If a donor template is not provided when CRISPR cuts the DNA, broken ends are fixed by natural repairing mechanisms in a way that is considered stochastic and heterogeneous. This makes template-free editing impractical beyond gene disruption, right? Wrong, according to a study published in Nature by Richard Sherwood and colleagues.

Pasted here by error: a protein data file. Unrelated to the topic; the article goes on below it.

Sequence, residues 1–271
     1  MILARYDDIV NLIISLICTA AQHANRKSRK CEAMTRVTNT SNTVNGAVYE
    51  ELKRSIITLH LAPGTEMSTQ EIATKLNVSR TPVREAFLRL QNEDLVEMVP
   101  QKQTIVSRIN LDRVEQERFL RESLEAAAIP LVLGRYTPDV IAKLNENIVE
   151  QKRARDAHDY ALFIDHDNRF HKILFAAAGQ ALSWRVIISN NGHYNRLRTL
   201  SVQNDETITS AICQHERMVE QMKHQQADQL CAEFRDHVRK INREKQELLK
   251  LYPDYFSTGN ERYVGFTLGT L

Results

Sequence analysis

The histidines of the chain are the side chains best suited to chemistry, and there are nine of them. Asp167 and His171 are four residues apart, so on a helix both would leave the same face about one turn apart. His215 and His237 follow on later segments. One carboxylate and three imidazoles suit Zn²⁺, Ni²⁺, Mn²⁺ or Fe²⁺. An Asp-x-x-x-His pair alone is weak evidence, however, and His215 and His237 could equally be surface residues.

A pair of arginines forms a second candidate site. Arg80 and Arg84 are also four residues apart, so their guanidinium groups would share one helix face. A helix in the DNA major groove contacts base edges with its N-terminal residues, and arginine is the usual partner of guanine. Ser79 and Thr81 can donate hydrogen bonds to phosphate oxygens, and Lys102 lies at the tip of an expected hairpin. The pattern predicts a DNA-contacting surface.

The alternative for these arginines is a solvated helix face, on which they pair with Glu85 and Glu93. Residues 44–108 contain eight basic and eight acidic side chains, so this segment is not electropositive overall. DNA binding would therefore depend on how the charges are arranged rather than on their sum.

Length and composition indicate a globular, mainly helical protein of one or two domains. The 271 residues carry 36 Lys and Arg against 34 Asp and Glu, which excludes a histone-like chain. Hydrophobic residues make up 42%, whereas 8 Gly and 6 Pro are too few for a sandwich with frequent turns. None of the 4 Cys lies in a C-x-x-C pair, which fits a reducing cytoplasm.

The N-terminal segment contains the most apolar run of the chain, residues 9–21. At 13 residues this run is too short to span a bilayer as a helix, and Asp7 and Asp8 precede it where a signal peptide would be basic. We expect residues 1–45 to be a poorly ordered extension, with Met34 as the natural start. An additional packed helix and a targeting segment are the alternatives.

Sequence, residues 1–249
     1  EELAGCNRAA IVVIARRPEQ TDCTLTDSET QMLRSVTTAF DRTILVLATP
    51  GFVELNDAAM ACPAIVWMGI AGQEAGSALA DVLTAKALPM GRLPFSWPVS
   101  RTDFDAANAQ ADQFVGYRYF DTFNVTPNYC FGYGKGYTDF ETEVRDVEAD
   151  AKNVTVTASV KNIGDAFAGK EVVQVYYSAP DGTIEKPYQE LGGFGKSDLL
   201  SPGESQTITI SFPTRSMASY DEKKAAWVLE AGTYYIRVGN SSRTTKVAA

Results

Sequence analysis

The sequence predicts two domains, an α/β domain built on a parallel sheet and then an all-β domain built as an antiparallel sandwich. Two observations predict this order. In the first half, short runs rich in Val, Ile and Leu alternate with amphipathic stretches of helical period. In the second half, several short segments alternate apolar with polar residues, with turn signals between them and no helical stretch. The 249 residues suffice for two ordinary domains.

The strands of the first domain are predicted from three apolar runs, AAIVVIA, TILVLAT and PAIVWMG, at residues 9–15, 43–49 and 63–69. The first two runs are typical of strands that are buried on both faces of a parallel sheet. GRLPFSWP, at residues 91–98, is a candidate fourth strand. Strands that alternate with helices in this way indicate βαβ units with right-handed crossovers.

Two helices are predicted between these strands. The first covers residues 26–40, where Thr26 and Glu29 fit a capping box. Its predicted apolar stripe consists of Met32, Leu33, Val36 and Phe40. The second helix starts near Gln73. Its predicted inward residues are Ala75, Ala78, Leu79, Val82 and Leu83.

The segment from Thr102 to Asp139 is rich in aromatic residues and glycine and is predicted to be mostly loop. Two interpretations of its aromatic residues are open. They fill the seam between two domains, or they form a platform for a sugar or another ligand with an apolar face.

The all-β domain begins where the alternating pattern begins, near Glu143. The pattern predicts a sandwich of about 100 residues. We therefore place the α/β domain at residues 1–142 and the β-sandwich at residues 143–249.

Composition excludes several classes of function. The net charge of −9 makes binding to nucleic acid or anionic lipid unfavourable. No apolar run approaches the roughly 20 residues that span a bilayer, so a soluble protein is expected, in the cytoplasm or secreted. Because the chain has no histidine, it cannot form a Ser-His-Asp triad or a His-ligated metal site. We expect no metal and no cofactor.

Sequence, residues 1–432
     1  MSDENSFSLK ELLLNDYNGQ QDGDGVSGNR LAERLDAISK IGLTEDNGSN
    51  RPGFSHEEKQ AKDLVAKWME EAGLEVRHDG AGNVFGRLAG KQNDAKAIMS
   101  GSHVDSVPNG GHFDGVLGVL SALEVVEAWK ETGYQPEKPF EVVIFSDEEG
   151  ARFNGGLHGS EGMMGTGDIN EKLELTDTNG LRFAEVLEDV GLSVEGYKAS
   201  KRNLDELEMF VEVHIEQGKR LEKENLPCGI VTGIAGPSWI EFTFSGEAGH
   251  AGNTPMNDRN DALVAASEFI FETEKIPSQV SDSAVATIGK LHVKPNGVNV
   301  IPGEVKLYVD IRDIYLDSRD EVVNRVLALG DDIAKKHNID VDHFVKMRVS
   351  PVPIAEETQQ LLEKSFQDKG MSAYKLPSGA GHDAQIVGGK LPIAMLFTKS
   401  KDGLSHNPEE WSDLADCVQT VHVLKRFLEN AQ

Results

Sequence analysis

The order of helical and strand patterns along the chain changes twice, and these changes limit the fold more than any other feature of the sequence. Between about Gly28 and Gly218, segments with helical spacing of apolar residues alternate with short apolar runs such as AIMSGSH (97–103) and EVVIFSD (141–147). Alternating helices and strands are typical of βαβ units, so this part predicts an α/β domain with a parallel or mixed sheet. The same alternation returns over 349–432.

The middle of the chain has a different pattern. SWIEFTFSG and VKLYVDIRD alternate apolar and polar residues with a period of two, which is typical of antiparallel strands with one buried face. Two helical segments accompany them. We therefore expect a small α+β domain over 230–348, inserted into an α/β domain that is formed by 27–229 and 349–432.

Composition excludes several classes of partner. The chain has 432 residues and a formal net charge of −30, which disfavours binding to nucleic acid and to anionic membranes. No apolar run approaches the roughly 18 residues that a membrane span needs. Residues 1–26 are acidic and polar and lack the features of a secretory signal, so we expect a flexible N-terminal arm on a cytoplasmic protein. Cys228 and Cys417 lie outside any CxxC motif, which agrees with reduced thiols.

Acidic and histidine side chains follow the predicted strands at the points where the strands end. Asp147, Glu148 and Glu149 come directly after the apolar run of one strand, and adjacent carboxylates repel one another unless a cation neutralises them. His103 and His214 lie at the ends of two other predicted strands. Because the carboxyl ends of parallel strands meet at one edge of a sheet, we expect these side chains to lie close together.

The researchers used a library of nearly 2.000 paired Cas9 guide RNAs and human DNA target sites to train a machine learning model called inDelphi. It predicts that 5-11% of guides targeting the human genome can induce a single repair outcome in over 50% of instances. The same model could be used to identify suitable pathogenic mutations to fix using template-free editing. Scientists proved their case by accurately repairing nearly 200 pathogenic variants related to three diseases: Hermansky-Pudlak syndrome, Merkes disease and familial hypercholesterolemia.